I love gardens, but I’m not a gardener.
My home is set in a half acre of trees, flowers, and grasses. I love its mix of wild and cultured growth. A thousand shades of green (maybe more), dotted with roses and wild flowers, populated by five kinds of bees (I counted) and two kinds of hummingbirds. Paradise.
This Eden came with our home. Someone who was very much a gardener loved this land and created this beauty. I am the grateful recipient of their creative soul.
You will see me outside watering, clearing pathways, pruning back the abundant wild blackberries lest they completely take over. They would. Their joyful growth would cover all in a rush for the sun. They have the area along the fence at the bottom of the garden, and will have to be content with that.
Today I realized being the writer of a book is like my shifting not-gardener status.
I love books, but I always claimed I’d never have the patience to write one. All that time on a single project—not me.
Look at me now. Here I am, determined to see this book into full, abundant growth.
The secret is the same as with my garden. I loved what was already present, and out of that love, I began tending to it.
I love reading. I love words and what they do for my heart. I love playing with word puzzles. I’d started writing a book when I was eight, and again when I was eleven. I loved writing stories in school and university, and I let myself forget that during my love affair with drawing.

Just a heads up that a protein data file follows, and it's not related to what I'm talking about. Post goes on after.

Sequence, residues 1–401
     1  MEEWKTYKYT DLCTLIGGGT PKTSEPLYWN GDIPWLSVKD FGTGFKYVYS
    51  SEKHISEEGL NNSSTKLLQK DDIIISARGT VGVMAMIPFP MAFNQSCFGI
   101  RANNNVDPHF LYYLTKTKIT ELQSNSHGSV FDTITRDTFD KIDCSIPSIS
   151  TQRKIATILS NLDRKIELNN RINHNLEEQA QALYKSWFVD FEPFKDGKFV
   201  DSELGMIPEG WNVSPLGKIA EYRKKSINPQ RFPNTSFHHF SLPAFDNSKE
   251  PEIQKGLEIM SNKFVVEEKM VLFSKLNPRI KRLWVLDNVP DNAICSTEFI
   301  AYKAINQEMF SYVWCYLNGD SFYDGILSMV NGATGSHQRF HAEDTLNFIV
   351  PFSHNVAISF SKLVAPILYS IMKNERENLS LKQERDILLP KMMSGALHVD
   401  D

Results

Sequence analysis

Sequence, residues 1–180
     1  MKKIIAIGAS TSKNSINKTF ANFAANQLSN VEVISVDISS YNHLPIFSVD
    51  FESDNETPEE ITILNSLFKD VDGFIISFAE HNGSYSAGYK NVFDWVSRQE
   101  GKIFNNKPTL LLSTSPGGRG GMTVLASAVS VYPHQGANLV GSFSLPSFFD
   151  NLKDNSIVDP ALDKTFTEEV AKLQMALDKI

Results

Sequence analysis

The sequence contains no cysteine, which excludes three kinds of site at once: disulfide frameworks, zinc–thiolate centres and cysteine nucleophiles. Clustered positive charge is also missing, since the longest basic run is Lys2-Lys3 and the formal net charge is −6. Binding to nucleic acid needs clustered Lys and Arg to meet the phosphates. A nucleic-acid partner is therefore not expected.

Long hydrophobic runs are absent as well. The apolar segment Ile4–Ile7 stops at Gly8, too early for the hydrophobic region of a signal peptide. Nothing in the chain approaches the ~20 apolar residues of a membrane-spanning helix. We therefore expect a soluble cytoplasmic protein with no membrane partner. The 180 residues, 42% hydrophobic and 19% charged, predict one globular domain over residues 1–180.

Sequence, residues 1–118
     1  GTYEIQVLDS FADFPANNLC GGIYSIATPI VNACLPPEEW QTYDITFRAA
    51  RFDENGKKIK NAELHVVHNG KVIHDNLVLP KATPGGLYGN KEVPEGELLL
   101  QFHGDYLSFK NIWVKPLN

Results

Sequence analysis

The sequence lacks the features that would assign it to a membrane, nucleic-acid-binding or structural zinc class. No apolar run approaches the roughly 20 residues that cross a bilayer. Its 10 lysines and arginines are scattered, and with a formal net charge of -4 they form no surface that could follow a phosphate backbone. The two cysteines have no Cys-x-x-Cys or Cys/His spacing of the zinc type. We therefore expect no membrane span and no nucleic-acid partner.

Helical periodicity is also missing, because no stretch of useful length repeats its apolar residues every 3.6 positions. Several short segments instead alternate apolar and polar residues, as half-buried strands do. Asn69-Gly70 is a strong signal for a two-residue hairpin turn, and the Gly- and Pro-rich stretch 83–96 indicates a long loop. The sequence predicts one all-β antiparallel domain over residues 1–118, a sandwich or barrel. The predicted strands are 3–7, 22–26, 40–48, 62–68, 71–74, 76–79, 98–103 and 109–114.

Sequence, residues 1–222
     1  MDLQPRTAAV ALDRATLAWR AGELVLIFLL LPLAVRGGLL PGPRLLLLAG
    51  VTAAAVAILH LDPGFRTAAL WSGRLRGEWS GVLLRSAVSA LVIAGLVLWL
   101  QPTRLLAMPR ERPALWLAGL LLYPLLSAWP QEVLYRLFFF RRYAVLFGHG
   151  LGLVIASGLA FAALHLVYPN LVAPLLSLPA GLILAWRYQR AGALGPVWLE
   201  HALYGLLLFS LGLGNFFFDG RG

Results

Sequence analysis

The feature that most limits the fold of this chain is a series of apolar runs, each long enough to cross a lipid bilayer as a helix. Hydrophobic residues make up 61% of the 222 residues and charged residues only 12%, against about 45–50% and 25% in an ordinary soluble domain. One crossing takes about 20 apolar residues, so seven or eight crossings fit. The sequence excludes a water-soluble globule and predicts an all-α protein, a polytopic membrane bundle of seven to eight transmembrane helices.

Writing was within me. For years, words showed up as background and foreground in my drawings, as poems that burst forth in the midst of my sketchbooks, as morning pages, as essays accompanying my art shows.
Like the wild blackberries, writing showed up all around me, asking for a place of its own to grow and flourish.
Unlike the wild blackberries, I chose to let writing sprout up everywhere in my life. The more I wrote, the richer my writing time became.
And now here I am. I am an artist who writes. I am an artist creating a book.
I’ve surprised myself. I do have enough patience to take the time to grow a single project.
I may be wrong about being a not-gardener, too.
In this post:
The image is from a sketchbook I created for the Brooklyn Art Library’s Sketchbook Project 2018. I titled my sketchbook The Secret Garden. It’s the garden of my heart. You can view the entire artwork here https://www.walkingowlstudio.ca/gallery/the_sketchbook_project_the_secre/